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Accidentally Dead, Again

The plot is A+ stuff, involving a vampires dying horrifically amidst the mystery of Sam’s transformation, which casts a long (and narratively effective) shadow over the burgeoning supernatural romance between Sam and Phoebe.


The Man Who Sold the World

Yes, his book occasionally sags under the weight of his completist impulses. But it's still packed with insight, a go-to text for anyone who wants to understand what Doggett calls "the uncanny strangeness of the seventies Bowie," and the creative process that led to his artistic breakthroughs.


Battleborn

Through remarkably assured writing that manages to be both bristly and brittle, Watkins chronicles despair and loneliness, catalogs valiant fights for survival and desperate pleas to be heard, and every time has us rooting for her underdogs.


Sorry Please Thank You: Stories

The stories deliver more than their fair share of bitter laughs, philosophical conundrums and existential gut punches.


Rapture

This book was too much romance and not enough action, but if you’re into romance, you will enjoy this book probably.


The Age of Miracles

The novel’s wondrous momentum rolls on with the insistence of the restless surf that swallows the beachfront homes; you can’t stop reading if you try.


Rabid: A Cultural History of the World's Most Diabolical Virus

With its range and sure-footed command of its material, Rabid covers the ground like an animal that knows just what it’s after and how to find it.


Double Cross: The True Story of the D-Day Spies

Double Cross suffers from the usual hazards of group biography — at times it’s hard to track who’s doing what, as the deception becomes progressively more complex and dangerous. But mostly it’s a tale of smarts, personal courage and suspense.


The Unlikely Pilgrimage of Harold Fry: A Novel

A rumpled retiree determines to walk 500 miles, believing his hope-filled steps will keep his dying friend alive. The premise seems quaint and predictable, but morphs gracefully into a smart, subtle, funny, painful, weirdly personal novel.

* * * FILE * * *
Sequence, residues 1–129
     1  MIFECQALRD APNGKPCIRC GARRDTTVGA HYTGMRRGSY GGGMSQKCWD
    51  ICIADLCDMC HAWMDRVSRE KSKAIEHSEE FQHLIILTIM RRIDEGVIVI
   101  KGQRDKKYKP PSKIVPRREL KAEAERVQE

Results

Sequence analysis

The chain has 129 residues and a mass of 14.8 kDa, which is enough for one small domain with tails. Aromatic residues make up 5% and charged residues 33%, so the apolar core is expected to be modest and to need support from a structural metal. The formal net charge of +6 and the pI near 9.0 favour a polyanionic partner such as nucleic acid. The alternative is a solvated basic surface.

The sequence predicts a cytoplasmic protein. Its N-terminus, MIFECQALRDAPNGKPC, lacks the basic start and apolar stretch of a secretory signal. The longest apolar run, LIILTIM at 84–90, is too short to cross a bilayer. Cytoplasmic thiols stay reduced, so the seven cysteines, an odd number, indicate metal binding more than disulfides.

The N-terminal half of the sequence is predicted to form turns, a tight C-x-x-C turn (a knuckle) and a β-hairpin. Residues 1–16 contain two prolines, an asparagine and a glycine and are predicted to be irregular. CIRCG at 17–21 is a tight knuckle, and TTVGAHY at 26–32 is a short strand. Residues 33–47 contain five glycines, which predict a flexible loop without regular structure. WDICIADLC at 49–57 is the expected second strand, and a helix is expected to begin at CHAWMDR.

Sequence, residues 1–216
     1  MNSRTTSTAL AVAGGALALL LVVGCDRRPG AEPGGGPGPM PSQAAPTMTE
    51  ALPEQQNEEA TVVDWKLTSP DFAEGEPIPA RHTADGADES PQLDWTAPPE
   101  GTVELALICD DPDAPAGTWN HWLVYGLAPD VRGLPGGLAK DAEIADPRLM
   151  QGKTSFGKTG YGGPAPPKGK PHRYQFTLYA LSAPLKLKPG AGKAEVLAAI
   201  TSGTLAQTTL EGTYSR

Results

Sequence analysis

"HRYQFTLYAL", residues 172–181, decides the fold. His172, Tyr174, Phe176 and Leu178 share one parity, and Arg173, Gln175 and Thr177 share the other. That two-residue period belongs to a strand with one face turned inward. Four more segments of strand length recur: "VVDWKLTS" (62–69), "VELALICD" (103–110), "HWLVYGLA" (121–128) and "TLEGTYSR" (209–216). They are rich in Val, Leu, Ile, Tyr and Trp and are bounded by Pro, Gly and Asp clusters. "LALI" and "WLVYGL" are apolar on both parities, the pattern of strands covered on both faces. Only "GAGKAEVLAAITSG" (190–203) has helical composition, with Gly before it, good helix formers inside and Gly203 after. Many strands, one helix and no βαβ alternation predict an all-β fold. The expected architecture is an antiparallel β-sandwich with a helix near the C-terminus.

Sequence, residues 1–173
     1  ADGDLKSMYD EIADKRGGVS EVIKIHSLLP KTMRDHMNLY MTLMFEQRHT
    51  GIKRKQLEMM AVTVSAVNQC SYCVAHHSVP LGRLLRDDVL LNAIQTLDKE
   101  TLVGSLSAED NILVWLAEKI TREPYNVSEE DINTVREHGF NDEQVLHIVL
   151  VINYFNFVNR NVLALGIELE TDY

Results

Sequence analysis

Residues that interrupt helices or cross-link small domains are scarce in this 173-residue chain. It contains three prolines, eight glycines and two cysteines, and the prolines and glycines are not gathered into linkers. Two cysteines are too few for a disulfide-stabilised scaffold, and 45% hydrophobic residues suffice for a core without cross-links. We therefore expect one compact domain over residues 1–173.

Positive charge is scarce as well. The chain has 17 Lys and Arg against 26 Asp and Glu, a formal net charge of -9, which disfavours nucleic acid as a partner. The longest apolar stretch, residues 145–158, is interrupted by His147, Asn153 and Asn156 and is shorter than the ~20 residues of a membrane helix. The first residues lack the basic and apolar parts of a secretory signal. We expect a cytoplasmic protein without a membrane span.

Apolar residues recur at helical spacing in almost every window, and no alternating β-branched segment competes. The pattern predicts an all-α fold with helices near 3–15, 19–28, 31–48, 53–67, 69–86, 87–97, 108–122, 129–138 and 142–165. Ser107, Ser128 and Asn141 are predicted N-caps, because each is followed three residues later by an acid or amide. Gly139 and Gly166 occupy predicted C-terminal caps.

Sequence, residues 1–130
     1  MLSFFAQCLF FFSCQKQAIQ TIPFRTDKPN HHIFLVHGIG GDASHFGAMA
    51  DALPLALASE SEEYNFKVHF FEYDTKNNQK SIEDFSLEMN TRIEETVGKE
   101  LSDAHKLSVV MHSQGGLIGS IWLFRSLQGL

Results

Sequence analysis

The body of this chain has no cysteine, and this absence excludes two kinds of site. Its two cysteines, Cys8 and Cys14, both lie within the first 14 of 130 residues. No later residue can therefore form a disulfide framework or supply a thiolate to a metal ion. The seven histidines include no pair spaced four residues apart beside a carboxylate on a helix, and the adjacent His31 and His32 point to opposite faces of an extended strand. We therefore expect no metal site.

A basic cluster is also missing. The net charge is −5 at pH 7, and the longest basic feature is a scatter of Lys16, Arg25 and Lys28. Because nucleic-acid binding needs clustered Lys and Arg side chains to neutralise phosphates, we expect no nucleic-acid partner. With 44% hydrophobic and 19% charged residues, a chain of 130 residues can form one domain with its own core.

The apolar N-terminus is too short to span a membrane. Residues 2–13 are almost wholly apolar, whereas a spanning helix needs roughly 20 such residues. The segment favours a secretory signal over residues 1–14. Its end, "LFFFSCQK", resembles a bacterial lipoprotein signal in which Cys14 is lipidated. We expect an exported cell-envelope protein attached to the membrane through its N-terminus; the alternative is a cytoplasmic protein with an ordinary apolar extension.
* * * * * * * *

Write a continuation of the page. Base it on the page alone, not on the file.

Broken Harbor: A Novel

Tana French leaves us lost in a dark labyrinth in which the Minotaur is never conquered, navigating a deceptively placid, reflective sea under which the terrible reefs of the past wait patiently to wreak havoc with the most seasoned traveller.


American Empire: The Rise of a Global Power, the Democratic Revolution at Home 1945-2000

A liberal-minded but still evenhanded primer for all students of U.S. history.


Broken Harbor: A Novel

While it’s a first-rate mystery, it’s still merely an exemplar of a genre French already transcended.


Harry Lipkin, Private Eye: A Novel

In spite of its surprising poignancy, Harry Lipkin is, above all, a fun read. It aims to please more than anything else, making it a quick joy, rather than a masterwork.


The Prisoner of Heaven

It’s arguable that imagination is a functional defense against political oppression, but most of the imagination on display here doesn’t even make a good defense against boredom.


The Infinite Tides

His debut aims for the stars, but it never takes off.


Alif the Unseen

“Alif the Unseen” is true and scary — and ends on a note of well-earned hope. It doesn’t take magical powers to predict it will be one of the year’s best-loved books.


Ten Girls to Watch: A Novel

I’d absolutely recommend “Ten Girls to Watch” as an uplifting novel about the daily struggles that we all see (in a broad sense) and some lighthearted encouragement reminding us that we’re all equipped to work through everything that comes our way.


Body, Inc.

A master of the genre, Alan Dean Foster provides the science behind the fiction


Distant Thunders: Destroyermen

Taylor Anderson leaves us with a couple of cliffhangers and gives us plenty of reason to read the next volume.